California Family Law Firm Explains the Three Legal Categories of "Parent"

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California family law firm Schuster Family Law explains the three legal categories of "parent" and their importance. These categories are: legal parent but not the biological parent; biological parent but not the legal parent; and the "de facto" parent.

California family law firm Schuster Family Law explains the three legal categories of "parent," helping the non-lawyer to understand these important distinctions.

"Ordinarily a parent is both the legal and biological parent of a child," says Dennis Schuster, founder of Schuster Family Law. "But there are many circumstances when this is not the case, in the eyes of the law."

Schuster describes the three separate categories as: legal parent but not the biological parent; biological parent but not the legal parent; and the "de facto" parent.

Legal parent but not the biological parent- There are times when an individual can be the legal parent of a child but not the biological parent. "This most obvious time is when an adult adopts a child who is not the biological parent," said Schuster.

Biological parent but not the legal parent- There are times when you are a biological parent but not a legal parent. "This is when a parent voluntarily gives up his or her right to a third party in an adoption or custody proceeding," said Schuster.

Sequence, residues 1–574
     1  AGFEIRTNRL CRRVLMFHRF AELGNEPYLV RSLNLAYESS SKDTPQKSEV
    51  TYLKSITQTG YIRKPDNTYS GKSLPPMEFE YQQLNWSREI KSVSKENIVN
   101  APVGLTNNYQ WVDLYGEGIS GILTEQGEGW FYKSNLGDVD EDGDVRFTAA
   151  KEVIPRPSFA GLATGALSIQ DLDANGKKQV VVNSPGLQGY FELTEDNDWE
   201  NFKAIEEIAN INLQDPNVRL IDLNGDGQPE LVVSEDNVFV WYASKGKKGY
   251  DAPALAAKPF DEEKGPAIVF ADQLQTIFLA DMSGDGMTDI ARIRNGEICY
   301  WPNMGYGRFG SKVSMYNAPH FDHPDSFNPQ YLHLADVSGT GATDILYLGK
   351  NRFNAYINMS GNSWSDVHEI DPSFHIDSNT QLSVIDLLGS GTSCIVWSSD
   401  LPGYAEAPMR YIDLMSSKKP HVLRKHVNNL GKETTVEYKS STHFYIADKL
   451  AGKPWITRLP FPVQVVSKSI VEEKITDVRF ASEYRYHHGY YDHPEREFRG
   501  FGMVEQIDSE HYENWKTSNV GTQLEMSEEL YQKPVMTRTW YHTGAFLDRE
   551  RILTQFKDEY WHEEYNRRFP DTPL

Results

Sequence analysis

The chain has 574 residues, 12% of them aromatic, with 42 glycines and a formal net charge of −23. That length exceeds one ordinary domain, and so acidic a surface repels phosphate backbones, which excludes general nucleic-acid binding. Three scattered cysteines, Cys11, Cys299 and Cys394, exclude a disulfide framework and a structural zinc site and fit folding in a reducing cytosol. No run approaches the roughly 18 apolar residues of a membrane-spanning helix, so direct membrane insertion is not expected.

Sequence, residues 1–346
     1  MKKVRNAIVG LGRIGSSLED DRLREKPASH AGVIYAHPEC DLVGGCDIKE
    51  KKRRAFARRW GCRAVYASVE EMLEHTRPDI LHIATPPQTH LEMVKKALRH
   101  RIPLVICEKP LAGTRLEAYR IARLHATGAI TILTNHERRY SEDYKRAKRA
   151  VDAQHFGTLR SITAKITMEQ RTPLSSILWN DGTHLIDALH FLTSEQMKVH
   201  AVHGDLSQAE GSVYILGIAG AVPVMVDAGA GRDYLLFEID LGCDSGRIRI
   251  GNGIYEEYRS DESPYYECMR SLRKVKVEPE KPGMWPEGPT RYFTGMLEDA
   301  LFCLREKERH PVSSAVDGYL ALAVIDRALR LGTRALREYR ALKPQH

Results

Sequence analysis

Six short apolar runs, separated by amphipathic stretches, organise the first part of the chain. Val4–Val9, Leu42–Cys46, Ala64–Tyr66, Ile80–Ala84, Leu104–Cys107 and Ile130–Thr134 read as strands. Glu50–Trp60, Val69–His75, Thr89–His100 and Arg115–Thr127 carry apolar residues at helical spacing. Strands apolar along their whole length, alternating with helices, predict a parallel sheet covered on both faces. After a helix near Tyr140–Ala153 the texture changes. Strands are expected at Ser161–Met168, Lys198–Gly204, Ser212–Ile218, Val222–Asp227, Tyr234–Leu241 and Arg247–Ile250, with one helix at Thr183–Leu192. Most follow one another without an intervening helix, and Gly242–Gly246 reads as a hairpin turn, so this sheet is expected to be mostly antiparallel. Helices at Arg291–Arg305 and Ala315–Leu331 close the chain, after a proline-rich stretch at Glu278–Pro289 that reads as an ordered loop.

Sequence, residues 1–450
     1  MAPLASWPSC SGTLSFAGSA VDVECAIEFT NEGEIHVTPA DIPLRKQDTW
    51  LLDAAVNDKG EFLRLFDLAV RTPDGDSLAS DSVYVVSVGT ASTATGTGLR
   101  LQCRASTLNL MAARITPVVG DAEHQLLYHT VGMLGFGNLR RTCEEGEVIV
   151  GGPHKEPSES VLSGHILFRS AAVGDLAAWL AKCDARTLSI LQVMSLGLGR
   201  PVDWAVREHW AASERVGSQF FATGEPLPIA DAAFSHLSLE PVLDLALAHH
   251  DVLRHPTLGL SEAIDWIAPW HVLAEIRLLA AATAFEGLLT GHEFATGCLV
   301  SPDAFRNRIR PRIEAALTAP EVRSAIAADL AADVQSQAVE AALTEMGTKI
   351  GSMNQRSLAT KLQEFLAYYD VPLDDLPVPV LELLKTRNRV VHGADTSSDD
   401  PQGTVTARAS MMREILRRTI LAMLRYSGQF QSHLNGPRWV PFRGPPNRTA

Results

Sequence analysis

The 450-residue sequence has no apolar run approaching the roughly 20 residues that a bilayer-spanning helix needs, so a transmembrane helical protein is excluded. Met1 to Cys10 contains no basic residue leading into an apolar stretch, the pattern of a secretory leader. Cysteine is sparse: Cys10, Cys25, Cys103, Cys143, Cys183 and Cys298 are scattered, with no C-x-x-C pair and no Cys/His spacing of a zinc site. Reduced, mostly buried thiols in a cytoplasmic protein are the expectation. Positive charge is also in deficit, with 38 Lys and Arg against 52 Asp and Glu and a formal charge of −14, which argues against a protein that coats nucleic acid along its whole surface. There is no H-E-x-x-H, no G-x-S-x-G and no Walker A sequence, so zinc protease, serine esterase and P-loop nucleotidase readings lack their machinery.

"De facto" parent - "Here's where it can get a little complicated," said Schuster. "If an adult identifies himself or herself as the parent of a minor child, even though he or she is neither the legal nor the biological parent -- but the child believes him or her to be the parent, bonding as such - then the court will treat that adult as the legal, or 'de facto' parent, meaning "parent of fact."

Schuster explains why there is such a category as "de facto" parent. He said that since the courts say that children are not "pets," to provide amusement for adults and then discarded at whim, then that parent-child bond is not to be taken lightly.

In fact, says Schuster, the courts take the parent-child bond so seriously that the adult who identifies himself or herself as "parent" can be taken to court and either charged with child support or awarded custody.

About Schuster Family Law

Schuster Family Law is a California family law firm that handles divorce and adoption cases. Schuster is also developing a unique niche in representing parents whose children need special education. For more information, visit: http://www.schusterfamilylaw.com

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Stephanie Labadie
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